New 'BioShock' game takes aim at American taboos

March 26, 2013
BioShock lead designer Ken Levine is pictured on February 7, 2008 in Las Vegas, Nevada. A new edition of the dystopian "BioShock" shooter videogame released Tuesday puts Americanism in the crosshairs, taking on taboo topics including slavery and racism.

A new edition of the dystopian "BioShock" shooter videogame released Tuesday puts Americanism in the crosshairs, taking on taboo topics including slavery and racism.

The "BioShock Infinite" protagonist battles a cult devoted to US founding fathers in a fictional floating city of Columbia that clings to early 1900s Americana and shuns the notion of an Emancipation Proclamation.

The third installment in the BioShock franchise is the work of Ken Levine and Irrational Games, a studio he co-founded.

Levine was the mastermind behind the original "BioShock," crowned 2007 , as well as a sequel released in February of 2010.

The first two installments of the were set in a grim, morally tattered undersea world of Rapture.

Levine told AFP that inspirations for the original game's dystopia saga came from many places, including the films "Citizen Kane" and "Fight Club" and the work of author Ayn Rand.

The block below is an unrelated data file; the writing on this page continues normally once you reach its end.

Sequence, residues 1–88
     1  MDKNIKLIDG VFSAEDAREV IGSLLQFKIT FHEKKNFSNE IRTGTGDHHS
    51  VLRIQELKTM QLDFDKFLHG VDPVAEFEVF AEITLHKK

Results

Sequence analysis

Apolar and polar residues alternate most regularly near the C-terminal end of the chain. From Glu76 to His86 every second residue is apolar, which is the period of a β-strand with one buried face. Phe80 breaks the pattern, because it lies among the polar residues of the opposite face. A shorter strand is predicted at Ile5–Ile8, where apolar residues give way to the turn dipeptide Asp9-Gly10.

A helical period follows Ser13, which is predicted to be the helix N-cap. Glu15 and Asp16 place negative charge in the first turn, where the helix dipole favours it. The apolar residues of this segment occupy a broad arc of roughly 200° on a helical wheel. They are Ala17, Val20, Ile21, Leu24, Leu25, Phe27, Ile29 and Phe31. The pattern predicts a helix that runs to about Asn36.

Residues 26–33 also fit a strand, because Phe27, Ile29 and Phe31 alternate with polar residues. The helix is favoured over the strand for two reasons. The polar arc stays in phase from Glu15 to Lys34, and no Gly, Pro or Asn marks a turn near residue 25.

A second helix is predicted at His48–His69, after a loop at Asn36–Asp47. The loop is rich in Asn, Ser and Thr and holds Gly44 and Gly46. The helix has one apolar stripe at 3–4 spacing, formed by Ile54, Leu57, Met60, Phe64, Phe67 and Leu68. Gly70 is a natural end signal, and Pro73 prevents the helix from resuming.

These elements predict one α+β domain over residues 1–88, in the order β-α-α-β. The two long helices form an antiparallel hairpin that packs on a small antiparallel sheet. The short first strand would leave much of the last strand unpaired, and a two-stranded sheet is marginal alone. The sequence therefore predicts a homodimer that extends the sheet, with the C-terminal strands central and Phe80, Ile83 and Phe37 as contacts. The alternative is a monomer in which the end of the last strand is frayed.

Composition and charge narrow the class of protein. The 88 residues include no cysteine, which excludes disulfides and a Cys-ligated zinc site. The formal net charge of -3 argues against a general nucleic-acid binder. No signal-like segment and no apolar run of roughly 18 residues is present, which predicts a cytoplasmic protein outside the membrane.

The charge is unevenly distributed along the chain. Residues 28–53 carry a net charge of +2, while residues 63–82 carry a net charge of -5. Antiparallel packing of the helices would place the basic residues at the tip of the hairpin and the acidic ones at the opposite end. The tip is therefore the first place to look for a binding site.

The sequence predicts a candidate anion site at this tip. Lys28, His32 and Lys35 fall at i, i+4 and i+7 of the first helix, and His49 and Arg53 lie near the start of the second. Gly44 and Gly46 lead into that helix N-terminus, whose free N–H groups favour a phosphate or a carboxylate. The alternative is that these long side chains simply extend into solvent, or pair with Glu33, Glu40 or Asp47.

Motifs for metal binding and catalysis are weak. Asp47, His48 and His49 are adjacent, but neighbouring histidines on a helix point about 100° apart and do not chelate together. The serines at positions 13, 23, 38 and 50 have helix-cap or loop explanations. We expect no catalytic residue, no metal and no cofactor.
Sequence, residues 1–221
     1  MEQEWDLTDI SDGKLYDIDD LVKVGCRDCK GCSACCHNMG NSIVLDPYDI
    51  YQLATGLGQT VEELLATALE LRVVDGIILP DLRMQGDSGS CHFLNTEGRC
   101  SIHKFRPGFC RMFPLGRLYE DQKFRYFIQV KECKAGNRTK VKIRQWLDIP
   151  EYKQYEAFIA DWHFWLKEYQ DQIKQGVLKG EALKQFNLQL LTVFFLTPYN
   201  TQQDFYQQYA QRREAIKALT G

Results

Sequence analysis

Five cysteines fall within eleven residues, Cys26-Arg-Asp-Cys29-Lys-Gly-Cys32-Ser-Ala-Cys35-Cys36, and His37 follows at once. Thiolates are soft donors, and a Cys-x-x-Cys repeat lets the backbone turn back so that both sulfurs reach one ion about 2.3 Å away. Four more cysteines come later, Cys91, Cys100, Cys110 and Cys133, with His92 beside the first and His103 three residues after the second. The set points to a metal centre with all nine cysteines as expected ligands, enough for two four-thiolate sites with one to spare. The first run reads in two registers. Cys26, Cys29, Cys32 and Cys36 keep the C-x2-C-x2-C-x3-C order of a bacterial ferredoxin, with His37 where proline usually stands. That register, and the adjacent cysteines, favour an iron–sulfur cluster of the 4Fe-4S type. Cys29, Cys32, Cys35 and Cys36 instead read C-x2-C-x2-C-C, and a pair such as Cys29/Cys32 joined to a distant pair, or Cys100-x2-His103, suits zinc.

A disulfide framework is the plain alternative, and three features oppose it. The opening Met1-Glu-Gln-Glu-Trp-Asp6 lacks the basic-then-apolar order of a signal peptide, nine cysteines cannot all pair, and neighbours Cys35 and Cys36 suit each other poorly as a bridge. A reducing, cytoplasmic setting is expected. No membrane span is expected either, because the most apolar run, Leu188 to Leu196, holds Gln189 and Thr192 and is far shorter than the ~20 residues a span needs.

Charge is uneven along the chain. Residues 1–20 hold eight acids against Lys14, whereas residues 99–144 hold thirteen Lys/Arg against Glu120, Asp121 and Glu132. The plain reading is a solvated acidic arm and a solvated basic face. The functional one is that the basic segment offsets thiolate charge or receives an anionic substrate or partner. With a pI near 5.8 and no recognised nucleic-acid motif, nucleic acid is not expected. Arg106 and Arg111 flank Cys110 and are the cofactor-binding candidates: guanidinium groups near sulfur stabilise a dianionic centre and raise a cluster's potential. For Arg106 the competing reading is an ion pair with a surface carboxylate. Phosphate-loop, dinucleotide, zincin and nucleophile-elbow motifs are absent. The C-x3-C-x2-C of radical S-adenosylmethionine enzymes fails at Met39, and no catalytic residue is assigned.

BioShock Infinite promises to build on the success of the franchise.

By Tuesday, BioShock Infinite had earned perfect scores in reviews by Game Informer, Eurogamer, and USA Today.

"We believe Infinite is very much a BioShock experience, but at the same time something very fresh," Levine said.

Publisher 2K Games released versions of Infinite for play on or consoles or on personal computers powered by Windows operating systems at a price of $60 a copy.

The videogame is set in the early 1900s in a floating city called "Columbia," where there is a clash between founders who built a religion making gods of America's founding fathers and rebel factions.

A World's Fair atmosphere in Columbia belies the fact that underneath its trappings it is a heavily armed war ship.

Influences for the storyline reportedly include the Occupy Wall Street movement.

Racism is brought to the foreground early in the game, as the player is called upon whether to decide to take part in a stoning using baseballs instead of rocks.

"From the crumbling city of Rapture to the clear skies of Columbia, we're proud to help Irrational Games bring their unique vision to players around the world," said 2K president Christoph Hartmann.

Players take on the role of a US Cavalry veteran who takes on the job of rescuing a girl from Columbia in order to erase a debt to dangerous people. Trailers from the game are online at

The game takes aim at extreme Americanism just as US politicians renew their scrutiny of violence in videogames in reaction to horrific mass shootings in the country.

Explore further: 'Bioshock' sequel returns to morally-battered Rapture

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